Writing Despite The Bills

A recent piece on Salon highlighted one of the murky secrets of the writing life: who is paying the bills?

The piece, provocatively titled “‘Sponsored’ by my husband” (and the response “The price I pay to write“) discusses one of the topics a Southerner just isn’t supposed to discuss: finances. The first discusses how hard it was to try to have a regular life while also writing; the author is only able to currently manage hers because she married someone whose salary is “hefty.” The second piece has an infatuation with the HBO show girls but at least is taking a crack at working 9-to-5 while also being a writer.

But the nitty-gritty is one of the cruxes of a writing career: you still need something to eat, somewhere to sleep, and probably (at least in America) health care of some kind. Where ya gonna get that?

In the first article, Ann Bauer points out that several authors recently published talk like they’ve done it all themselves but really benefited either from inherited money or deep familial connections.

I practically swooned with jealousy: undeniably, both would help me a great deal. Particularly the connections—since getting an agent/publisher/people with purse strings to pay attention to you is the first obstacle to publication.

But the “having enough money to live off of” is a huge component, too. I talked about this when Hugh Howey, of Wool fame, first hit the radar. Yes he worked hard, yes he is more workaday than a millionaire, but he also had a wife who was mostly able to support them while he took a low-paying part-time bookselling job to give himself time to write. That is a huge luxury (and, luckily for them, it paid off big time.).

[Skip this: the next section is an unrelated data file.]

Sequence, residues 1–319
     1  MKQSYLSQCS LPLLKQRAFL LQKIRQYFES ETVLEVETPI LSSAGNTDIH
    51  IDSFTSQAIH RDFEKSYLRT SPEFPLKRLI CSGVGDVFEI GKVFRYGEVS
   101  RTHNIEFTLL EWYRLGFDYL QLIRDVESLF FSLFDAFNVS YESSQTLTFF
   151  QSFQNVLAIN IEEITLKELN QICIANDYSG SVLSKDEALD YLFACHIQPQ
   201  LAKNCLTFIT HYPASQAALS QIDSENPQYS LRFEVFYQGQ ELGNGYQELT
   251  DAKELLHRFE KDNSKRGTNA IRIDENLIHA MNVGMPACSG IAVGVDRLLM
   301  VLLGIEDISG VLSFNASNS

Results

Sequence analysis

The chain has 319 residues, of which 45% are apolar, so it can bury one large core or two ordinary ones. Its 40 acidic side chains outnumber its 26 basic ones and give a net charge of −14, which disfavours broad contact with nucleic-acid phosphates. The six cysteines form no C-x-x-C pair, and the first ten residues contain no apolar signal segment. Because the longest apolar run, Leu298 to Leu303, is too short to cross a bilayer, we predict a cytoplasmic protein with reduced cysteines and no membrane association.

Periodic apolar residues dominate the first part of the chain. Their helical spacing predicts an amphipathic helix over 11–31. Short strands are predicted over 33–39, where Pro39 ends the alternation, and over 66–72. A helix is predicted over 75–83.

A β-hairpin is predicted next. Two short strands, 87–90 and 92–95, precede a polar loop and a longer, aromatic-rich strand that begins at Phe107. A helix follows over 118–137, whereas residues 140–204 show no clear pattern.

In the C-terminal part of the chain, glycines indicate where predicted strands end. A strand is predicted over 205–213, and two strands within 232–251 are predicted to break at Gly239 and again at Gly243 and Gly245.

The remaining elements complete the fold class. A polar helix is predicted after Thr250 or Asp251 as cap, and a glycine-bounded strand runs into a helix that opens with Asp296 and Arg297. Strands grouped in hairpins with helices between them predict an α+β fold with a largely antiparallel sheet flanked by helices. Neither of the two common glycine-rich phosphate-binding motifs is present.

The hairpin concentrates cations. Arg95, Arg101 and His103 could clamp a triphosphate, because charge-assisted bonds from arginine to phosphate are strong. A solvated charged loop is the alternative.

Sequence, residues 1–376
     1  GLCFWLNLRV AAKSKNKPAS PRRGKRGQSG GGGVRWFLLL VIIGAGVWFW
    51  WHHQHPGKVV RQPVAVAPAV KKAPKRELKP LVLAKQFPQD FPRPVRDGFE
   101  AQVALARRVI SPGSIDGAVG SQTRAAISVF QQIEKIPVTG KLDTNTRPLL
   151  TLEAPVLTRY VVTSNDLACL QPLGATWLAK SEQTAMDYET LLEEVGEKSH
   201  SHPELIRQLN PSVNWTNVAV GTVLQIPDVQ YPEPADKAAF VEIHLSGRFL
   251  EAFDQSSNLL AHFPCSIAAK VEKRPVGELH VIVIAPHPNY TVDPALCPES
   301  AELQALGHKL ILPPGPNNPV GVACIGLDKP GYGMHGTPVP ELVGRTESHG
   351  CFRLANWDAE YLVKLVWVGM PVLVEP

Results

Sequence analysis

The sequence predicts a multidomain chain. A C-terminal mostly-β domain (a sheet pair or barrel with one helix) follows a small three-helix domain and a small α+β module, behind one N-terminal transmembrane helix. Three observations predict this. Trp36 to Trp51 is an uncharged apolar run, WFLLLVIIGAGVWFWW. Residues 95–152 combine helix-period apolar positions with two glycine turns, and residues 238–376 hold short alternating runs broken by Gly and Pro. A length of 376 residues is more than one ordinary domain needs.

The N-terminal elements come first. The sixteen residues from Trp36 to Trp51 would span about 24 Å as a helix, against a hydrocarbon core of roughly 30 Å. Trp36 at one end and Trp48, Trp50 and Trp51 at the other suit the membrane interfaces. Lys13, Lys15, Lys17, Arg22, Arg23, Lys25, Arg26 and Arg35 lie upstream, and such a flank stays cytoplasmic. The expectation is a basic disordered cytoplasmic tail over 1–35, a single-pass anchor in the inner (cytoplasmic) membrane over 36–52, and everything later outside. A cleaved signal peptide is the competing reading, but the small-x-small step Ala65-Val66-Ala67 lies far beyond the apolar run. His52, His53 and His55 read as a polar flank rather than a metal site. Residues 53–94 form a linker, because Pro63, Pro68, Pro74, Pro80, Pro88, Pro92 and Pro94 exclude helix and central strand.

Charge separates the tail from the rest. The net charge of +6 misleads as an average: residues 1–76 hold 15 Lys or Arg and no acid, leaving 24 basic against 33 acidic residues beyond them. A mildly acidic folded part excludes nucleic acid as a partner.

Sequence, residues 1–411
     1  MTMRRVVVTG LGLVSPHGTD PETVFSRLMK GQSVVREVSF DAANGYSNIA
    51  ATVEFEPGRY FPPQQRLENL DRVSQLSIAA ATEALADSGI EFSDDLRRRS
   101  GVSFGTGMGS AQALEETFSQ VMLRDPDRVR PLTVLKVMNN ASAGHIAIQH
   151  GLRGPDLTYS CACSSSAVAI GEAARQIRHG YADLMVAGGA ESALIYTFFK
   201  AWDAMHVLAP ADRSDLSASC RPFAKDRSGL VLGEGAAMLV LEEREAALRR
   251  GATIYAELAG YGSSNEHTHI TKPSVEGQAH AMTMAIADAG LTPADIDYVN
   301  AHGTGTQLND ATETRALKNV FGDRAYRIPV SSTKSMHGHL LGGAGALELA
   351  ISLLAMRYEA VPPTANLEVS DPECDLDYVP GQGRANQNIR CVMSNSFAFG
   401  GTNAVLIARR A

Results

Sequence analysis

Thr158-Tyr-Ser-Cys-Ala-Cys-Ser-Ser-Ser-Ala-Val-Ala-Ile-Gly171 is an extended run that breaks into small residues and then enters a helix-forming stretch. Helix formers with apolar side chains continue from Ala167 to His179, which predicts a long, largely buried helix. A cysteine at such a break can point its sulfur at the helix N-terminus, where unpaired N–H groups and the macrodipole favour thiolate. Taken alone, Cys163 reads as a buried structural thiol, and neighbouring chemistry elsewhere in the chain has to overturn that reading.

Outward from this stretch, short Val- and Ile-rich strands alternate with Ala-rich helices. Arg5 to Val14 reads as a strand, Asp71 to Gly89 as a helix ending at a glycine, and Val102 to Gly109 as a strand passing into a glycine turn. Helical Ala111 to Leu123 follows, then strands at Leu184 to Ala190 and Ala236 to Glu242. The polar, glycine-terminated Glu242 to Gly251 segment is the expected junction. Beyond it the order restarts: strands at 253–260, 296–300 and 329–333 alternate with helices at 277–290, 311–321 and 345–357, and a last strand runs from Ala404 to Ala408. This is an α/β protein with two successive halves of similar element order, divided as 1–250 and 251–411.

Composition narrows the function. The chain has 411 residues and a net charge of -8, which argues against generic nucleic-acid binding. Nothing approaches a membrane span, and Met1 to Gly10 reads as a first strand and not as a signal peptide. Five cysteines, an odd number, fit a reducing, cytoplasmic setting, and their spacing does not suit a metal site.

At conferences and online, I see a lot more of the kind of writer I am: fitting writing around everything else. And that kind of juggling is trying, at times. I have a full-time job, a spouse with a job he finds rewarding but which won’t pay the bills alone, a part-time career as a freelance editor, AND I have written three books I’m working on getting published. I’ve said it before: how exactly am I supposed to do those things and actually have a life of any kind? It feels overwhelming.

(Side note: I think a bunch of people who cater to authors are taking advantage, selling “must-have” products that “guarantee” success. They disgust me; I hope the people buying those products are independently wealthy.)

However, I have made my choice in how to get money to live while also being a writer. While, sure, I’d love to win the lottery next month or something, I don’t think I’d ever feel comfortable being “sponsored” by my husband or another patron; we are partners, and it is my responsibility to carry my weight in our relationship, financially, in the household, and otherwise. One of the main reasons I have an editing side business is that I can feel confident using the resulting income to pay for resources in my own publishing dreams (also, it is SUCH a kick to see a book I’ve edited actually go on sale. Some have even won wards!).

For me, the juggling is worth it, even if it’s challenging at times. I need to feel like I’m helping my family forward, even if that means my books don’t churn out as quickly. That’s a choice I’ve made.

What about you? How do you manage your household while writing? Do you wish you could do it differently?

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